Fermented sauerkraut may be safely kept, unprocessed and alive, in the refrigerator or a very cold room for several months. This is a tangy taste treat that many of us have never experienced, and is much healthier than most store-bought kraut. People used to just move the crock to the root cellar and leave it there, scooping out a few servings when needed.

If you don’t have room for something like that, you can make the sauerkraut shelf-stable by canning it. It still tastes great, and you still know what went into your food. Follow the canning guidelines in your recipe book.

Shown above are 6 jars canned in 2009. This was delicious in our calzones. My mouth is watering and if you knew my history with sauerkraut you would be laughing at me right now. I used to refuse to be in the same room where someone was cooking or eating sauerkraut. Homemade is just so much better than canned product!

Homemade Vanilla Extract

I have begun a months-long process attempting to make homemade vanilla extract.  The instructions make it sound fairly simple.

  1. Cut up a bunch of vanilla beans and put them in vodka for a long time.

The number of vanilla beans, the way you cut them, the length of time for steeping, and the amount of vodka are all up for debate based on all the recipes I found.  I combined the ingredients in two quart jars and put them in a paper sack in the top of my closet to keep it out of the light.  By some time this fall I should have a huge amount of vanilla extract.  I will need to source some (hopefully glass) amber/brown bottles (again to keep the extract out of the light) and then decant it into the smaller containers.

It will make a special gift I can give to a few friends, and I’ll have enough for home use for 2 years.

Homemade Dishwasher Detergent: $6.00 for 100 loads

I made my own mix of dishwasher detergent last weekend after reading about it on quite a few web sites. We have been testing the mix on every load of dishes we have run (daily) since Saturday and are quite pleased with the results.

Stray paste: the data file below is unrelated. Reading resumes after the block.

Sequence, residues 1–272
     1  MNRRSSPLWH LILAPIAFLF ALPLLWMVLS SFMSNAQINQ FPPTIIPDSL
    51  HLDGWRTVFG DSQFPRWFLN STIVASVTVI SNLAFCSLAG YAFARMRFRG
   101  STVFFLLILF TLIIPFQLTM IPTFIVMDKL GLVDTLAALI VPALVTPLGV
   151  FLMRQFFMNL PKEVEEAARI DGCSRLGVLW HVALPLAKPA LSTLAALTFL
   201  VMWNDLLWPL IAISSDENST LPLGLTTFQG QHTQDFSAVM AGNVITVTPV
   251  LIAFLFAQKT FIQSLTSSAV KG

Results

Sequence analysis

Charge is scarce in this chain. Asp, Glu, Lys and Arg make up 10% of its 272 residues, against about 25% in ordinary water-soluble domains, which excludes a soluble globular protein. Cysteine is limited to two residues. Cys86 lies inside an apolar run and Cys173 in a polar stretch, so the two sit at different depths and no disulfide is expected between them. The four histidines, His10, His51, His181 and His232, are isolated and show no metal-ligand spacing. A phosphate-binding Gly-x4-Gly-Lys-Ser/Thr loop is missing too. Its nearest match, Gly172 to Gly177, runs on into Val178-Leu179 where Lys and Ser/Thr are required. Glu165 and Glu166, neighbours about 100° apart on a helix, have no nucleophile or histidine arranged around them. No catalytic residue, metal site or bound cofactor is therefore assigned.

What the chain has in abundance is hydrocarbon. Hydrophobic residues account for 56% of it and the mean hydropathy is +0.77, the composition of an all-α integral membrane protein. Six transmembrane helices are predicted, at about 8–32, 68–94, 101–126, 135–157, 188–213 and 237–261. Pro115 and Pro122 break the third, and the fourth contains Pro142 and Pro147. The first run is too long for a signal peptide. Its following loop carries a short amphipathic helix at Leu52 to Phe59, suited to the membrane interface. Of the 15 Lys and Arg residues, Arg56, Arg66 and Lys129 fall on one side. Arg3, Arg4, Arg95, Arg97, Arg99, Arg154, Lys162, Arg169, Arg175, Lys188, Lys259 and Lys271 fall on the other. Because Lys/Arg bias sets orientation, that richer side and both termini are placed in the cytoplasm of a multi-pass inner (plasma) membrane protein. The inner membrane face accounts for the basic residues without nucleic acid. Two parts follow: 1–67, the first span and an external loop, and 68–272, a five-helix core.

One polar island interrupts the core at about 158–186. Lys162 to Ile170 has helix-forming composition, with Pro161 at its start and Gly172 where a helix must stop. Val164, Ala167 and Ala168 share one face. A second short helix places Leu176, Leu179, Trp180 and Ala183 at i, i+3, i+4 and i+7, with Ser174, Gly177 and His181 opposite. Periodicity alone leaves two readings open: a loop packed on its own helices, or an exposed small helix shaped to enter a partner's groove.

I bought a big box of Borax powder, a big box of Baking Soda, and a small box of Cascade powdered dish detergent.  I layered them together using ratios of approximately 25% Cascade, 40% Baking Soda and 40% Borax.  Yeah, that’s 105%, but I said approximately. I had an extra set of plastic dollar-store measuring spoons lying around in the aquarium stand, so I have dedicated a tablespoon to live in the container and meter out the mixture.

I completely filled a 4.5 quart tall tupperware-like container and did not completely empty the three ingredient boxes.  I could have made at least 5 quarts, maybe 5.5.  The cost of the ingredients was right at $6.00.  For that $6.00 I’ll get over 200 heaping tablespoons of my mixture, which will be enough to run the dishwasher 100 times.  6 cents per cycle.

But how does it do?  Honestly there is no difference from the more expensive options.

Why not leave out the Cascade and just use the other two ingredients?  Baby steps!  Maybe next time.  I was more comfortable with this as a first try at home-mixed product.

(Ok, technically this is a second step.  I’ve been using straight white vinegar in the “Jet Dry” reservoir for a couple months now and I love it!)

We made Applesauce!


At the Apple Farm

At the Apple Farm

We went to a local apple orchard last weekend and found a great apple peeler for a really decent price.  We also found their section of “Number 2” apples that had a speck or two of black or bruise on them…for half price!  We came home with 1/2 bushel each of Gala and Jonathan apples for the grand total of $12.50. Time to make applesauce!


S. concentrates as he turns the crank

S. concentrates as he turns the crank

The boys helped a little bit.  The peeler also runs the apples through a coring blade and rotates them through a spiral slicing blade.  The end result, in 20 seconds, is an apple ready to simply cut in half and throw into a cooking pot.


H. peels one too

H. peels one too

So, we peeled and canned a bushel of apples over the course of two days…probably 5 to 6 hours work.

After a stock pot was full of sliced, cored, peeled apples, I added a few cups of water (slightly less might have worked too, I had to cook some off) and boiled / steamed them with the lid on until they were mushy.

I smashed them down with our Pampered Chef mashing device tool thingy and then blended them to a chunky consistency with a handheld blender.  We still don’t have a food mill, but we wanted it chunky anyway…or so I was told.

At the end, we added a cup or two of sugar to taste, and cinnamon to some batches.

Home canned, homemade applesauce

Home canned, homemade applesauce

Somewhere around 25 pints resulted, plus a few pints we ate right away in the kitchen.  I processed the jars for 20 minutes in a boiling water bath and every one sealed.